Looking forward to 2018 and beyond, both Section 201 remedies and corporate tax reform present considerable downside risk to the industry’s base-case forecasts. However, at present, neither issue will be incorporated into GTM Research’s existing outlook until President Trump issues a formal decision on Section 201 trade remedies and the U.S. Congress votes on corporate tax reform legislation.
Key findings from the report include:
- In Q3 2017, the U.S. market installed 2,031 MWdc of solar PV, a 51% decrease year-over-year from Q3 2016. Through the end of Q3, installations are tracking 22% behind the pace set through the same period during a record-breaking 2016.
- Through the first three quarters of 2017, 25% of all new electric generating capacity brought on-line in the U.S. has come from solar, ranking second over that period only to natural gas.
- In the Section 201 safeguard case, the U.S. International Trade Commission (U.S. ITC) failed to achieve a formal recommendation of trade relief on foreign-manufactured crystalline silicon cells and modules. Rather, individual commissioners suggested to the Trump administration three sets of remedies at levels below the petitioners’ requests. President Trump has until January 26 to decide the outcome of the case.
- Q3 2017 saw price increases across all market segments for the first time since this report series’ inception, stemming from increases in module costs due to a global shortage of Tier 1 module supply and the Section 201 petition.
- The residential PV sector fell 10% quarter-over-quarter. Declining growth is driven by weakness in California and major Northeast markets, which continue to feel the impact of pull-back from national providers.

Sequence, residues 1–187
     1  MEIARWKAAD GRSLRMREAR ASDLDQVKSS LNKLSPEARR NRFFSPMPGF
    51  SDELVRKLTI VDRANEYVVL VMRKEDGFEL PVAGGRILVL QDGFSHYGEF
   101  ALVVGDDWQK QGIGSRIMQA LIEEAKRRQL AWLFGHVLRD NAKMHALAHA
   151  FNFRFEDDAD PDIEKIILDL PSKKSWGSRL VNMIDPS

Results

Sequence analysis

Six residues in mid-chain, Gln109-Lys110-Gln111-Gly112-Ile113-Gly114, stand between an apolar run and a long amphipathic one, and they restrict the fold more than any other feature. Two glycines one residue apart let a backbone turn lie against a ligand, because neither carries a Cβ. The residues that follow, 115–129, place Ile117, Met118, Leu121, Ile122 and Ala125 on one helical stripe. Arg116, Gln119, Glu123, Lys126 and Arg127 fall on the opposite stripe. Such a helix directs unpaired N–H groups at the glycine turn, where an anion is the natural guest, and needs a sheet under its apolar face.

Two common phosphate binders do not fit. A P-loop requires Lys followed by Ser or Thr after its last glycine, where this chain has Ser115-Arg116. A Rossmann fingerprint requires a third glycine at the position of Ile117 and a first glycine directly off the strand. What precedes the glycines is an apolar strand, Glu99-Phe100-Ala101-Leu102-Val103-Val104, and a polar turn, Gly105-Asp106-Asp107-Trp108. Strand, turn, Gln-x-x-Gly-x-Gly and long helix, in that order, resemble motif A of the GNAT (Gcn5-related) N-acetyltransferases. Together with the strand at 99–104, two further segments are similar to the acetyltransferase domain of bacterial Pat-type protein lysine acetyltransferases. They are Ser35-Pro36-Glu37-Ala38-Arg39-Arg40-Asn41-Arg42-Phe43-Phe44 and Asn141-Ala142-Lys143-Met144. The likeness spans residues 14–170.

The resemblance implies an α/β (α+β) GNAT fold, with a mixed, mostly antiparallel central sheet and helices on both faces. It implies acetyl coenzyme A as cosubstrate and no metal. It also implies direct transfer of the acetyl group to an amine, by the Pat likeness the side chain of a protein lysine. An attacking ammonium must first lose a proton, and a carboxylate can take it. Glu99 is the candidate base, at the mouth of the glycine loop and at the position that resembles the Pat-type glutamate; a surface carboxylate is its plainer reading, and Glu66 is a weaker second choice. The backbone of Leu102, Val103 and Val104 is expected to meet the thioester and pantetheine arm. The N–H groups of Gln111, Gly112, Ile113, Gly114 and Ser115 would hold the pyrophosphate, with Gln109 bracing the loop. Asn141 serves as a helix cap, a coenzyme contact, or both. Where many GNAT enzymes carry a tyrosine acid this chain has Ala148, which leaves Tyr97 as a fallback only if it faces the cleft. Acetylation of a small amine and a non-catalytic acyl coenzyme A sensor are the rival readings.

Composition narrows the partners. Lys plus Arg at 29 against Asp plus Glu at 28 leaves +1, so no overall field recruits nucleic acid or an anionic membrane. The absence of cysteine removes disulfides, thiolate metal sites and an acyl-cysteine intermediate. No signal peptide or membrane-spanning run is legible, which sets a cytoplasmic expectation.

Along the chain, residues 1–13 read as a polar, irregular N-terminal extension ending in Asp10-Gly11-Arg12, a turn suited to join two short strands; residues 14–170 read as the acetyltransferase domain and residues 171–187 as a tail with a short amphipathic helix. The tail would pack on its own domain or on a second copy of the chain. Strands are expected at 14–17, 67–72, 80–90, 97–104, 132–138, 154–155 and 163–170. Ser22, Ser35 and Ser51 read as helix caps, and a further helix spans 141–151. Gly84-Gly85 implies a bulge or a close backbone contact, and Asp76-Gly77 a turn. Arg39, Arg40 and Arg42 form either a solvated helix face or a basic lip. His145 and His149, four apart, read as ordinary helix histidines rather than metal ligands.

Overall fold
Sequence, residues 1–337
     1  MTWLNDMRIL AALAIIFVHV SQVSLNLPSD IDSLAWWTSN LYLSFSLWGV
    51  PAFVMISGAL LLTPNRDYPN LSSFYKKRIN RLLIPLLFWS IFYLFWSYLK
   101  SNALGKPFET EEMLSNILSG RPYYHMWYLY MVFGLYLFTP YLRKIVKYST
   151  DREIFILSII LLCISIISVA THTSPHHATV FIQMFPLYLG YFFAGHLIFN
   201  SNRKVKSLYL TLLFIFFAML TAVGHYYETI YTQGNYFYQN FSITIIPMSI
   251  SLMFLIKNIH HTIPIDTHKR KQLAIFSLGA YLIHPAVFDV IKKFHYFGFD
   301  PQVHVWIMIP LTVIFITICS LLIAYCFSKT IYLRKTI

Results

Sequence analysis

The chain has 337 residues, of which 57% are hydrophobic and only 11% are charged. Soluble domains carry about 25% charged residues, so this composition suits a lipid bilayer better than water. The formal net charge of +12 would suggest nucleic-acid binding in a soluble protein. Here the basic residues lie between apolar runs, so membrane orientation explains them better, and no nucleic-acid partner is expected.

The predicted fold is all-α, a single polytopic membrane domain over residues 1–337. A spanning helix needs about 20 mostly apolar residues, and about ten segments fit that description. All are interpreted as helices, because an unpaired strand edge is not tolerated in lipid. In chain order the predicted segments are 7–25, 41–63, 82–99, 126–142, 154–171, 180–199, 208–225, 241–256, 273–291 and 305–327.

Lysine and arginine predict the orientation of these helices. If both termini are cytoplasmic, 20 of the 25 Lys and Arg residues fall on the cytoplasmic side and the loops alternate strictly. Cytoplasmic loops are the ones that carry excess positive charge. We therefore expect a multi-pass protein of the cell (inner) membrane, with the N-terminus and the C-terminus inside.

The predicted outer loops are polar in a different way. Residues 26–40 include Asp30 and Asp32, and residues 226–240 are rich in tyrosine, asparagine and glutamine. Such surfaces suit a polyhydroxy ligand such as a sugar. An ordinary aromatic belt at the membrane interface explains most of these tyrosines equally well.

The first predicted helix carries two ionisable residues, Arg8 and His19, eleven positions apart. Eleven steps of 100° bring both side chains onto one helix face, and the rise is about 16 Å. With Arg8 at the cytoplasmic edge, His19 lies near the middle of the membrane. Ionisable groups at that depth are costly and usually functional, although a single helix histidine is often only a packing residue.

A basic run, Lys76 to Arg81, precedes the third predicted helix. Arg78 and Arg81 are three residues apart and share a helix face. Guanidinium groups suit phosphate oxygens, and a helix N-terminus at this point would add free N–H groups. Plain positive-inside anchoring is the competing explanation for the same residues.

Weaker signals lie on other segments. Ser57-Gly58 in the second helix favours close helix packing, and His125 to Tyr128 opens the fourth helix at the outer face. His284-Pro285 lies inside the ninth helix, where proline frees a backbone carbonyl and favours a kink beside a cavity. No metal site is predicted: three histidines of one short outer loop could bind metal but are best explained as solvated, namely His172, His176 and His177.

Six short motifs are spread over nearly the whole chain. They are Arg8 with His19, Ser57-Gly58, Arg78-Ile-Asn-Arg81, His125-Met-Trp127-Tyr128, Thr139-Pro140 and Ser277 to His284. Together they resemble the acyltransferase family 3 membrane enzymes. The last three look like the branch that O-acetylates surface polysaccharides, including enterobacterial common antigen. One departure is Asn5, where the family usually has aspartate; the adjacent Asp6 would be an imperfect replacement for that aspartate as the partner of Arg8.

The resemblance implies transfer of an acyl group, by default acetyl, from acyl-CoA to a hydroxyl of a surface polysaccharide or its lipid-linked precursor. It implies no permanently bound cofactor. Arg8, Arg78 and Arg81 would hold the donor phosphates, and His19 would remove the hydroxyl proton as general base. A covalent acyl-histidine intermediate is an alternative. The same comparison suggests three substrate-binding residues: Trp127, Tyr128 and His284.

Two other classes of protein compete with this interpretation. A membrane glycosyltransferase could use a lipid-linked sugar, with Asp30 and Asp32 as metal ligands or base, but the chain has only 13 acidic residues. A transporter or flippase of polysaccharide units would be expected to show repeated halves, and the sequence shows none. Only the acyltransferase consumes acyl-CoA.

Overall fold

- In contrast to residential PV, the non-residential sector grew 22% year-over-year, primarily driven by regulatory demand pull-in from looming policy deadlines in California and the Northeast in addition to the continued build-out of a robust community solar pipeline in Minnesota.
- Voluntary procurement continues to be the primary driver of new utility PV procurement, in 2017 accounting for 57% of new procurement through Q3.
- GTM Research forecasts that 11.8 GWdc of new PV installations will come on-line in 2017, down 22% from a record-breaking 2016. Our forecast has been adjusted downward from 12.4 GWdc last quarter to reflect continued challenges in the residential market and a push back in utility-scale completion timelines due to uncertainties surrounding the trade case.
- Total installed U.S. PV capacity is expected to more than double over the next five years and by 2022, nearly 15 GW of PV capacity will be installed annually.
About U.S. Solar Market Insight:
The U.S. Solar Market Insight report is the most detailed and timely research available on the continuing growth and opportunity in the U.S. The report includes deep analysis of solar markets, technologies and pricing, identifying the key metrics that will help solar decision-makers navigate the market’s current and forecasted trajectory. For more information, visit www.greentechmedia.com/research/ussmi
Celebrating its 43rd anniversary in 2017, the Solar Energy Industries Association® is the national trade association of the U.S. solar energy industry, which now employs more than 260,000 Americans. Through advocacy and education, SEIA® is building a strong solar industry to power America. SEIA works with its 1,000 member companies to build jobs and diversity, champion the use of cost-competitive solar in America, remove market barriers and educate the public on the benefits of solar energy. Visit SEIA online at www.seia.org.
About GTM Research:
GTM Research, a division of Greentech Media, provides critical and timely market analysis in the form of research reports, data services, advisory services and strategic consulting. GTM Research’s analysis also underpins Greentech Media’s webinars and live events. Our coverage spans the green energy industry including solar power, grid modernization, energy storage, energy efficiency and wind power sectors.
Alex Hobson, SEIA Senior Communications Manager, (202) 556-2886
Mike Munsell, GTM Research, Marketing Manager, (617) 500 7764